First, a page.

Man Woman Life Death Infinity holds a mood both melancholic and mysterious. There is a subtle angst in the world-weary jangle of I Don't Know How I Don't Know Why and the overcast and haunting Something Out There is Wrong. The latter track in particular has the inky noir aspects of [the] band's dark masterpiece Priest=Aura. In this way, the new album feels perfectly suited for our uneasy and disorienting present, where we constantly struggle to keep our equilibrium. Luckily for us, there's solace to be had throughout this stirring 10 song meditation.
7 stars (out of 10)
The cohesion of the current lineup is as firm as the sound is deep, right from the spacey intro of "Another Century" into the swirl of voices layered in between acoustic and electric guitars. The beauty of the multiple textures lies in how they can so amply fill a room or headphones with equal depth.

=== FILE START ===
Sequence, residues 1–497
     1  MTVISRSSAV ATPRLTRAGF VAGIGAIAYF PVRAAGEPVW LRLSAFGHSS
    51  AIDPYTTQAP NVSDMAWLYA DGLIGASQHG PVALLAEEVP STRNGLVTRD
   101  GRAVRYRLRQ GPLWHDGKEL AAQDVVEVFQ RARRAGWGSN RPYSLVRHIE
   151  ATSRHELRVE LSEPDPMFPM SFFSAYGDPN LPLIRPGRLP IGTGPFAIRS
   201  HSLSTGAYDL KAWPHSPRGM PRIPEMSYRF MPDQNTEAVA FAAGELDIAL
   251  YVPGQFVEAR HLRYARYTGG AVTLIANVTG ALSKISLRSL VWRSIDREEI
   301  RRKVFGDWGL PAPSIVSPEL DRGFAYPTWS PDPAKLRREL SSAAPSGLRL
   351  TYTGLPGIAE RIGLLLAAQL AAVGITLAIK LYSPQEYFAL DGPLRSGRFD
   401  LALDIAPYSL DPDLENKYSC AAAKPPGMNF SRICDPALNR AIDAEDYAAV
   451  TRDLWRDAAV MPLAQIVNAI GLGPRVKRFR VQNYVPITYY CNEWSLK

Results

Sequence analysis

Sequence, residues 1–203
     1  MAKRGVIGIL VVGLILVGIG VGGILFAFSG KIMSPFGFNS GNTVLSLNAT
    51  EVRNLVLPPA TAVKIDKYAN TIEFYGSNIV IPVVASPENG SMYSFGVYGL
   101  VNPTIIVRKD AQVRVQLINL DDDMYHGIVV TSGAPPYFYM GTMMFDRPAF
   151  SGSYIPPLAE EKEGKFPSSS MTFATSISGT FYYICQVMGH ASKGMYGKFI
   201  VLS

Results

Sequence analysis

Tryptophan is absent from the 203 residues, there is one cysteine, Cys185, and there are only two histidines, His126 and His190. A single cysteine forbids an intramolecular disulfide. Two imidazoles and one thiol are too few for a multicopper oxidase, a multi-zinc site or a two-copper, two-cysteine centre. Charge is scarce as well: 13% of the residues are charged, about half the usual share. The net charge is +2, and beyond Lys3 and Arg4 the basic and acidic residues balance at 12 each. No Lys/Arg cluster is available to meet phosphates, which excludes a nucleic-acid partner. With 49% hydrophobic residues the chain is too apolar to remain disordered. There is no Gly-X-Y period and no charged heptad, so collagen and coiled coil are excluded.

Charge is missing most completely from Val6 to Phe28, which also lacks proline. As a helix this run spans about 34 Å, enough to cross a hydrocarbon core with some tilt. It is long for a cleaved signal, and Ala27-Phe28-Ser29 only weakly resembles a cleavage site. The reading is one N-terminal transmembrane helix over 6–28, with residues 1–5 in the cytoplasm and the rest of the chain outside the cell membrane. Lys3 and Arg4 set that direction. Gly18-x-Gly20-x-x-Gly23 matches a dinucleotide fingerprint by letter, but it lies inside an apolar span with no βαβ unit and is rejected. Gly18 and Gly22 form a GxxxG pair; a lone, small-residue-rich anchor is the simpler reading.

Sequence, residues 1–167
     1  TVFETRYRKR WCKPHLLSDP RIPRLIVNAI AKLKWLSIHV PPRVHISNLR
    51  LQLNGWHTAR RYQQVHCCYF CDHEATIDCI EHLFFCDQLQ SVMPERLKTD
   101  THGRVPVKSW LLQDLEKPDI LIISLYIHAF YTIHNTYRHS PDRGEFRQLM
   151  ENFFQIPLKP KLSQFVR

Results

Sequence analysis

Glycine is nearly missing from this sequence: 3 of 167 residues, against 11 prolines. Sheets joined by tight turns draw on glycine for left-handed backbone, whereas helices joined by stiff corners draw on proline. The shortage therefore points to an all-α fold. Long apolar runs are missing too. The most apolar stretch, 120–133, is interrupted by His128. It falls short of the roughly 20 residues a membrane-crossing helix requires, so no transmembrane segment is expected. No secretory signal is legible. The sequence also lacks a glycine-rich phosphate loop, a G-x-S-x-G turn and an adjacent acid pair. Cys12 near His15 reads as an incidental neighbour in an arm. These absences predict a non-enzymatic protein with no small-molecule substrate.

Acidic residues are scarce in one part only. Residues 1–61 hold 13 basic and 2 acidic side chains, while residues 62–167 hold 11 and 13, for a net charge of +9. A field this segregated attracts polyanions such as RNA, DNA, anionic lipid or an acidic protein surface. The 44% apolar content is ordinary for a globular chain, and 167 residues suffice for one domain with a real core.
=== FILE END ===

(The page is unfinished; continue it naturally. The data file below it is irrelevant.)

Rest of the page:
4 stars (out of 5)
The Church has done it again. Another collage of aural masterpiece. Both old and younger fans of the band, unite and swim happily in this new offering.
4 stars (out of 5)
The amazing thing about Man Woman Life Death Infinity, as with much of the Church's post-2000s work, is that it sounds utterly fresh, even as it's in keeping with their early albums. Rather than backing away from the gothy, new wave psychedelia of their youth, just as they revisited The Blurred Crusade, here they've embraced that aesthetic and imbued it with the emotional maturity and poetic gravitas that comes with their decades-long space rock journey.